Fraud-Busters Cut Benefits for Disabled Children Raising Standards and Reviewing Cases Trims Rolls, but It Leaves Some in Lurch

Article excerpt

In a little-noticed - but highly contentious - corner of welfare reform, tens of thousands of children are losing their federal disability benefits.

The cutbacks result from Congress's decision last year to tighten the standards by which low-income children could be declared "disabled," and thus receive federal checks.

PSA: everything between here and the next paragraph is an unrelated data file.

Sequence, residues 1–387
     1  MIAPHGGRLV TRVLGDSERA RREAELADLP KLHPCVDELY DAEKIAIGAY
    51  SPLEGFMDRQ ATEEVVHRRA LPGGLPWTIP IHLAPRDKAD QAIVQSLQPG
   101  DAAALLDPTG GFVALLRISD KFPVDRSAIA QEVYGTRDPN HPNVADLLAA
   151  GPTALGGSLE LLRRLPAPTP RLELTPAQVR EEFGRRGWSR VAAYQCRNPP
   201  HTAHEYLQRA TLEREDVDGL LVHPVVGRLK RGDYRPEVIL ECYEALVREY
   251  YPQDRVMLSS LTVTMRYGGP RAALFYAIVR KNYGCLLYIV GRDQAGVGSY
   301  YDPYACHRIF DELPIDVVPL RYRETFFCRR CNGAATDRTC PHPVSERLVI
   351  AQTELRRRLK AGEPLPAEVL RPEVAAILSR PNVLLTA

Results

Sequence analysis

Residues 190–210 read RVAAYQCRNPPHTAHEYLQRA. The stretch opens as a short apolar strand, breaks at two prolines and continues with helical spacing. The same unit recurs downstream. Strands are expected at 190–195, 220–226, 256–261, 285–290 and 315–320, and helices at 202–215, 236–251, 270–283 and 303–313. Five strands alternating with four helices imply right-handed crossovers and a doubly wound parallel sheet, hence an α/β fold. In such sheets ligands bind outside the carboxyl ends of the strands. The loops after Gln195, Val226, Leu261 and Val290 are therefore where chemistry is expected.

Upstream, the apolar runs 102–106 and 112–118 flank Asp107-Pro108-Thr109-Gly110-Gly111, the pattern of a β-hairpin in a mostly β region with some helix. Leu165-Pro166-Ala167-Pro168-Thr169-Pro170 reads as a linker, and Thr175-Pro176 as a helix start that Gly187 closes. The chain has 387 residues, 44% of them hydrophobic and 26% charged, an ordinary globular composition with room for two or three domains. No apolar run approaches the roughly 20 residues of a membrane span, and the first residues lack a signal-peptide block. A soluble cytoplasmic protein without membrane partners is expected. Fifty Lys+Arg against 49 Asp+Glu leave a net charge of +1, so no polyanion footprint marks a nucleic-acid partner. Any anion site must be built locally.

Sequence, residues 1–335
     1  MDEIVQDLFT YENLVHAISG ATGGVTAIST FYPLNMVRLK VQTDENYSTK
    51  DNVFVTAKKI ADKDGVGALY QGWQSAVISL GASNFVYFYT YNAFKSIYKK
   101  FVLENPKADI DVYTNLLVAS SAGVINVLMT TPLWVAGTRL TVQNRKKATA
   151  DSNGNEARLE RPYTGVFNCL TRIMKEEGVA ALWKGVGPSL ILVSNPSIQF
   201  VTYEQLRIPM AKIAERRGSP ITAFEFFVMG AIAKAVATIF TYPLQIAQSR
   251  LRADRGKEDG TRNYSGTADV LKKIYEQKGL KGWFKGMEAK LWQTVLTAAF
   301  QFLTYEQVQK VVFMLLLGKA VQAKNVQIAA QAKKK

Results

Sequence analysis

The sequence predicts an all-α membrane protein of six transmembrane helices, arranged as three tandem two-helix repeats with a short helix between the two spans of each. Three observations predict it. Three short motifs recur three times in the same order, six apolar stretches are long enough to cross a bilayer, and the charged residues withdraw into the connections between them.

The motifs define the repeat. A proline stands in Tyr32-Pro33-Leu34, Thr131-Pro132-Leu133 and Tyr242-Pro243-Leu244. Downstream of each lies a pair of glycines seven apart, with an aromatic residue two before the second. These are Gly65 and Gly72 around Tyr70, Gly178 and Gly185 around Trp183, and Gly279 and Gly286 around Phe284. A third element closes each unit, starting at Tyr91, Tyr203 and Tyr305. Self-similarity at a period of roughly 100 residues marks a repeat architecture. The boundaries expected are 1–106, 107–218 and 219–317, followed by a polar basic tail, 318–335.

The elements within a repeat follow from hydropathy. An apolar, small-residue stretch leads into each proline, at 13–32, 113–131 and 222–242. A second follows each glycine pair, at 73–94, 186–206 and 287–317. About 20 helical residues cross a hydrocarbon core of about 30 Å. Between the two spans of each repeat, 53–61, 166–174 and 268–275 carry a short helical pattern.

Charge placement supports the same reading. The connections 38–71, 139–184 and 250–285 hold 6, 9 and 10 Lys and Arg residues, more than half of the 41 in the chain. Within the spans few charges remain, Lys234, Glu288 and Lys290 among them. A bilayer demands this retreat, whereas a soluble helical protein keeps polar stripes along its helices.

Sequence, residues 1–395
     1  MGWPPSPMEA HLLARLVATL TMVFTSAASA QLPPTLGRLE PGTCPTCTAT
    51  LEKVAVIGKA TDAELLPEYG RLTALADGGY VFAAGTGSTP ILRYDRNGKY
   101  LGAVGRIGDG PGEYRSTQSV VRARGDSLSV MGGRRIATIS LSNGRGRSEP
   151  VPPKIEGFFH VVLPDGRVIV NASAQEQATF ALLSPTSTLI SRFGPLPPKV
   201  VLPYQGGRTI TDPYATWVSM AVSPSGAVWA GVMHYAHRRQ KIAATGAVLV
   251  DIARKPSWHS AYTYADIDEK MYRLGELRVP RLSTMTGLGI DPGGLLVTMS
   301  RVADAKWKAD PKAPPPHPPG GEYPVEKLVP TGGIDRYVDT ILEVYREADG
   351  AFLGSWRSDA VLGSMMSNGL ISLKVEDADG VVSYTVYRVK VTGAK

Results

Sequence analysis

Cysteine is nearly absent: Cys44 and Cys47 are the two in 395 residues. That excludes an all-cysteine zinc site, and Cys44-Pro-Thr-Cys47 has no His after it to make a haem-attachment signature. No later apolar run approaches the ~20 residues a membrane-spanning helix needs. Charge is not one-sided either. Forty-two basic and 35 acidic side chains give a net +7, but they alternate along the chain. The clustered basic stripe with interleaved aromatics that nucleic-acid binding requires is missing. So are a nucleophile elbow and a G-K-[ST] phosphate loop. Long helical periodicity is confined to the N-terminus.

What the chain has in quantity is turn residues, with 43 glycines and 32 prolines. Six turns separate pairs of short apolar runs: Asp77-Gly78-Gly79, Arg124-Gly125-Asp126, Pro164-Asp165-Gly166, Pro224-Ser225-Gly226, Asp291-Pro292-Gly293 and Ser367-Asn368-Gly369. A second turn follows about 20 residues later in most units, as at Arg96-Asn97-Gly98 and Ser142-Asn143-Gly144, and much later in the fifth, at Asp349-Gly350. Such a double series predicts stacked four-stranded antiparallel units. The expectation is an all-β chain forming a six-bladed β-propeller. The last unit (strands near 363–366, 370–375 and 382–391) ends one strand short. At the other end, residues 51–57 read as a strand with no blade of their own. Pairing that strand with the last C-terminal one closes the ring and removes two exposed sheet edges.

Congressional conservatives claim the old standards were so loose that the system was rife with abuse. They cite media reports of children faking behavior problems to get "crazy checks." Liberal activists say stories of fraud were isolated anecdotes and that under new, stricter rules, children whose families truly need help are losing Supplemental Security Income, or SSI. They also allege the cuts were budget-driven. The government plan is to save $5 billion over five years, a projected removal of 135,000 children from the rolls, out of a total of 1 million. Tougher scrutiny The Clinton administration is caught in the middle. And in an effort to defuse the strong emotions, the new commissioner of the Social Security Administration (SSA), Kenneth Apfel, began on Sept. 29 a 30-day top-to-bottom review of the program. His report is due out in the next 10 days. "The children we're taking off the rolls have real limitations but no longer meet the standard in the language of the law: 'marked and severe functional limita- tions,' " says Susan Daniels, head of SSA's disability programs. "They will need community support, special education, state services," she says, adding that these children will still be eligible for public health insurance under Medicaid. "We don't want anyone to characterize these children as fakers or malingerers." Ms. Daniels notes that four separate studies found no evidence of "widespread abuse" in the children's SSI program. The average monthly payment per child is $410. The purpose of the payments is to help low-income families cope with the costs of having a disabled child, such as a parent's missed work time or special equipment. One aspect of the cutbacks that disturbs children's advocates is that cutoff rates vary widely from state to state. Of the total national caseload, about one-quarter were slated for possible cutoff, and most assessments are completed. Mississippi has the highest cutoff rate - 82 percent of reviewed cases. The lowest rate is in Washington, D.C., at 36 percent. The national average is nearly 60 percent. As of Oct. 4, the date for which the most recent data are available, 135,841 children had been removed from SSI. According to SSA, between 70 and 80 percent were receiving SSI for "mental disorders," such as retardation, psychotic disorders, learning disabilities, and attention-deficit disorder. Many have already appealed, and more than half of those have been reinstated - again, at widely varying rates. …


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